Why does it take so long to buy a house in France?

Why does it take so long to buy a house in France? There are much fewer reports to get done than the UK and solicitors have less work. Yet somehow cash buyers without a chain will struggle to complete in 3 months.

  1. Verbal Offer
  2. Verbal Offer Accepted
  3. Appointment Of Notaire
  4. Building Reports
  5. Compromis De Vente
  6. Ten day cooling off period
  7. Transfer of Deposit and Notaire Fees
  8. Compromis De Vente – 10 days Expires!
  9. Full Purchase Funds Acknowledged
  10. SAFER – expires
  12. Transfer of Funds To Notaires ESCROW account
  13. Signing of Acte Authentique De Vente
  14. Capital Gains Tax
  15. Buyers Collects Keys
  16. Vendor receives his money from the notaire

We must have been dream buyers. No chain. Cash. Close to asking price. Buying the furniture. Same Notaire.

1. Placing your Verbal Offer

We placed our verbal offer to the agent Immoblier during the first visit, but we were asked to back it up by email. It was turned down. A counter offer was given, which we accepted.

This took 5 days

2. Acceptance of Verbal Offer

We were invited back to the agences immobilières office, where we handed over proof of our identity. We took birth certificates, passports and proof of funds.

During a second visit to our property, we noticed that we could not get to the second storey of the barn without a ladder. A couple days latter, the vendor cleared some adjoining land to reveal a hidden door. We then amended our offer to include the adjoining woodland. The verbal offer was accepted. – this process took another 6 days

We thought naively at this point we would jump straight to the 10 day cooling off period we’d heard of. You’d think this compromis de vente would be a pro-forma form with just an address change at the top and you’d be signed and starting your 10 day cooling off straight away before someone else jumps in with a counter-offer. No!

3. Appointment of a Notaire

A notaire is chosen or in our case appointed by our agent immoblier. Separate notaires can be used but we went with the same notaire the vendor had used for decades.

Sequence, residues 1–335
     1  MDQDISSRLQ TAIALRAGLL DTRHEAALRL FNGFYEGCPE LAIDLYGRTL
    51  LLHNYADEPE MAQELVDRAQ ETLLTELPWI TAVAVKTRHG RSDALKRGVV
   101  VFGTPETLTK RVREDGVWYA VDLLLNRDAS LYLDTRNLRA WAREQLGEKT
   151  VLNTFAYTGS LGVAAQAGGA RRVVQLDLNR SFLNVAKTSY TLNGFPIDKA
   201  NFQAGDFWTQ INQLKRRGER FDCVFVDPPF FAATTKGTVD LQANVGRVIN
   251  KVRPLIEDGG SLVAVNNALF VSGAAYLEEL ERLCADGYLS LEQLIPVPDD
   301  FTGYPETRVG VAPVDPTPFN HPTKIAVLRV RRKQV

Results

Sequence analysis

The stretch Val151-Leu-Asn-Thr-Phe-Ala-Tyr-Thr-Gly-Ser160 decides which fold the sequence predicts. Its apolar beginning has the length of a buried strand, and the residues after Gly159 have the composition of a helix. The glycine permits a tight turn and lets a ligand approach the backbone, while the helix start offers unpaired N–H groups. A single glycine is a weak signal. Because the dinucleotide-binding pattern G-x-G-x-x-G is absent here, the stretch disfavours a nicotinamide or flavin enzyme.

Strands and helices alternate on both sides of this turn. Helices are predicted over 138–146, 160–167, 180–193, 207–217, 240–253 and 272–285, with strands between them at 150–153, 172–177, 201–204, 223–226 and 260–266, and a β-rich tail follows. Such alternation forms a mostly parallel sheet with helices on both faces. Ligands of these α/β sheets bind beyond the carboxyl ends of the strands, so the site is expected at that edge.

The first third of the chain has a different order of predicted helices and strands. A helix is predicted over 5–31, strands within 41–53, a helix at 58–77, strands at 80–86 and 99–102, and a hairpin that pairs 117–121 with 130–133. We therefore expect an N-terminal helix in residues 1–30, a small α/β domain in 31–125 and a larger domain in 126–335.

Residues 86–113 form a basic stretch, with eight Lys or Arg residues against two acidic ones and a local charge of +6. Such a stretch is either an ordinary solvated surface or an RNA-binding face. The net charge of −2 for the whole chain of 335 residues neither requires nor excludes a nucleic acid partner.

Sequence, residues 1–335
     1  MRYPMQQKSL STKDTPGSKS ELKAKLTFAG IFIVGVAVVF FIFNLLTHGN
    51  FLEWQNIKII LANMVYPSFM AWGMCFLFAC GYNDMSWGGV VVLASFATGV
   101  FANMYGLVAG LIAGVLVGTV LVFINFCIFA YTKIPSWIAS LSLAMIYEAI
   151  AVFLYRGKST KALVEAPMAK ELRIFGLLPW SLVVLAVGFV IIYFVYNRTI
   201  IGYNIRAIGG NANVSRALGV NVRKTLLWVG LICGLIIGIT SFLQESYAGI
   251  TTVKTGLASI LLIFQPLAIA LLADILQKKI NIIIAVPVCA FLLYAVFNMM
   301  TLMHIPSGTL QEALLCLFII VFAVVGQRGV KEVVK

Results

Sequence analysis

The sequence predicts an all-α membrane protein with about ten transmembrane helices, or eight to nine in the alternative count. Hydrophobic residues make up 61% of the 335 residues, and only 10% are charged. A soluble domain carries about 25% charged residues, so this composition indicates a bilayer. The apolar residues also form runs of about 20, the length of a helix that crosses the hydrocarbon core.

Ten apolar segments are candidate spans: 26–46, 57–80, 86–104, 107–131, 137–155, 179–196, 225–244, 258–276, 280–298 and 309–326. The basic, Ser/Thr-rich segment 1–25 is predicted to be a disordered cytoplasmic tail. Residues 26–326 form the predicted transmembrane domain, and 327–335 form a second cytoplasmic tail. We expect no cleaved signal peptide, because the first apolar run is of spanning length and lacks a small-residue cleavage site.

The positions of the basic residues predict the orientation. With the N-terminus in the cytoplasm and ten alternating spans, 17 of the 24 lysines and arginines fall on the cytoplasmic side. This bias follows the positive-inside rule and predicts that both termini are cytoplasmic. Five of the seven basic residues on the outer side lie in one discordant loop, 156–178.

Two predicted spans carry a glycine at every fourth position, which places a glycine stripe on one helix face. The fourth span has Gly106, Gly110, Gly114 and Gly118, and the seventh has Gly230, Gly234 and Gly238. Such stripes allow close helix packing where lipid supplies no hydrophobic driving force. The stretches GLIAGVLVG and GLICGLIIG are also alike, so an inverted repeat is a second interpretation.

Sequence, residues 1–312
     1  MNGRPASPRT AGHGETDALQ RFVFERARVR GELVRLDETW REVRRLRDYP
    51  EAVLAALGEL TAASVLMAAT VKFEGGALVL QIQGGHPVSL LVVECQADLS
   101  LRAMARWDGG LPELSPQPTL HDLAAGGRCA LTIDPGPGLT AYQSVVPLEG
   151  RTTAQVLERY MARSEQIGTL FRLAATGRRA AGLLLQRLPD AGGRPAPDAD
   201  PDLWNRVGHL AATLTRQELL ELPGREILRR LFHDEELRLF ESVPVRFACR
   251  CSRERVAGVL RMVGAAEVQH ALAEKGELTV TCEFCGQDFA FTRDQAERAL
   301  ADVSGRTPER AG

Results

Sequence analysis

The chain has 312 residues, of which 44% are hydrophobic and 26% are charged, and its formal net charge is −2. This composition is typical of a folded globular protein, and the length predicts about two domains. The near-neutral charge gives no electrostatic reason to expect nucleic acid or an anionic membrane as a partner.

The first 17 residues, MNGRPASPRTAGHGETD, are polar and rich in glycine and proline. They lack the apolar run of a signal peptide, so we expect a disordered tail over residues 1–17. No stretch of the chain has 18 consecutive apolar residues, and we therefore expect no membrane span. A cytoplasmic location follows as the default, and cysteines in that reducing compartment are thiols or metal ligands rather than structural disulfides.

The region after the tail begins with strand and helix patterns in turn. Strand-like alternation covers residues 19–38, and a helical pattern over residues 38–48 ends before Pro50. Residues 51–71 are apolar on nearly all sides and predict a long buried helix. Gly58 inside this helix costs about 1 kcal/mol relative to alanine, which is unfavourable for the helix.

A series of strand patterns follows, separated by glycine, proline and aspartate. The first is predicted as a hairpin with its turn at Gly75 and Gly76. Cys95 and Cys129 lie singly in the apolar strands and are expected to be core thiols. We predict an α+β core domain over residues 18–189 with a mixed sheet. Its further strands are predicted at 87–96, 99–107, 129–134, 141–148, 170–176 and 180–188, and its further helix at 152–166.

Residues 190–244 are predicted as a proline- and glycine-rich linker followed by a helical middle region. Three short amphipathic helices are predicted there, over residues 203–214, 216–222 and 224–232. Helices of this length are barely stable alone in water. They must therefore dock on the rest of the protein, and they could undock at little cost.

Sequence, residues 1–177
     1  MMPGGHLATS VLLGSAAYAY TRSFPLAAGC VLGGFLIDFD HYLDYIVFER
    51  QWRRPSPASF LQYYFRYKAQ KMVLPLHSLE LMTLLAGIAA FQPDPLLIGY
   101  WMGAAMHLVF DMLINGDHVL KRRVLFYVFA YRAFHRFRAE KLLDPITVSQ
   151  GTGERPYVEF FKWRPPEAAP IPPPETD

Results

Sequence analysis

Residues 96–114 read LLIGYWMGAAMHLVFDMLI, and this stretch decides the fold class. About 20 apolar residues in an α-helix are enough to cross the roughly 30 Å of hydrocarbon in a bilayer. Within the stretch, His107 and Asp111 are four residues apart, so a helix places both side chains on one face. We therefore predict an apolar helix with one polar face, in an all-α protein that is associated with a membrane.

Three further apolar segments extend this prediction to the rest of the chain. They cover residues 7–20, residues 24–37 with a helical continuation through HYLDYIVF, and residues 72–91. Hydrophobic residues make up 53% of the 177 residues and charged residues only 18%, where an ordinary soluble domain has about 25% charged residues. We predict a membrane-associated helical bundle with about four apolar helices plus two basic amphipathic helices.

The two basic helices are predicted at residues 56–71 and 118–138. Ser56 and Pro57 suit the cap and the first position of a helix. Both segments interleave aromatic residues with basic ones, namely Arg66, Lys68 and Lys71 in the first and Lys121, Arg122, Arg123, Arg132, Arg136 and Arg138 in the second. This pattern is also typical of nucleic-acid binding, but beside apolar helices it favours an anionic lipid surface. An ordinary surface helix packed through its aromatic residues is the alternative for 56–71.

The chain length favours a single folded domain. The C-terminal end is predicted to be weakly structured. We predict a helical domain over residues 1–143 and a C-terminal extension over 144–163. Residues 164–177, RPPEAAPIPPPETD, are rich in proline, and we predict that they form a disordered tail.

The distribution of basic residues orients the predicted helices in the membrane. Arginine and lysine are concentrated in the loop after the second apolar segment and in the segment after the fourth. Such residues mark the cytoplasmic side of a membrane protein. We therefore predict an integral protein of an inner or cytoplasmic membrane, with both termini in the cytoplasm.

A notaire has a similar role to a solicitor. They’ll calculate the outstanding fees, along with tax implications. It is the role of the notaire to pay back fees to the public treasury, calculate any disbursements and incidental expenses.

The notaire will also calculate any capital gains tax payable on the property.

There will be an exchange of emails or phone calls between the vendor, the agent immoblier and yourself.

It’s now time to start signing paperwork. Unfortunately, we’d returned to the UK at this point.

You will have to sign documents such as declaration of funds etc.

This process took 7 days. We still have a verbal offer and anyone can jump in.

4. Building Reports

Before the compromis de vente can be signed you need to wait for reports on fosse septiques, electrics, harmful substances, water, asbestos , geology etc which can take several weeks.

Our house has a 450m sq pond, a well and a spring. In a adjoining field there is another spring with a pipe crossing our land to a cow barn. For this there needed to be a survey.

The house is connected to a overhead electricity cable, which needs disconnecting from a nearby barn. This needed doing before a survey could be completed.

Our house had a 50 year old fosse septique that hadn’t been emptied for 30 years. The land was is covered in natural springs, so the survey was really slow to arrive.

A log burning stove in one of the cellars had two asbestos chimneys sticking up through the back lawn.

Being an old French house, there was tons of lead paint on all of the walls.

The electrical safety report basically said it was wired in the 1940’s and badly bodged in the 70’s. It was highly dangerous and likely to catch fire if connected.

There are many more reports on radon, natural risks, land boundaries etc. All of these reports have to be signed and submitted to the notaire. France is terrible for radon, so pretty much anywhere will need a radon report.

These reports compared to their UK equivalents are very brief and simple. – but still take weeks and expire after a couple months.

In reality, 95% of the reports are so brief, you’d be better of paying a decent builder 2 hours wages to have a quick look around. If you are good at DIY they are not going to tell you many or indeed any surprises. They are nothing like a UK surveyors report, but you have to wait for them all the same!

If the house is new to the market or has been on the market for a long time then there will be several weeks delay before the 10 day cooling off period can start!

This process took 4 weeks – We still only have a verbal offer


Over seven weeks after our first offer being accepted, we are at the 10 ten cooling off period!

You’ve finally reached that important first milestone!

Compromis de Vente – Preliminary Sales Agreement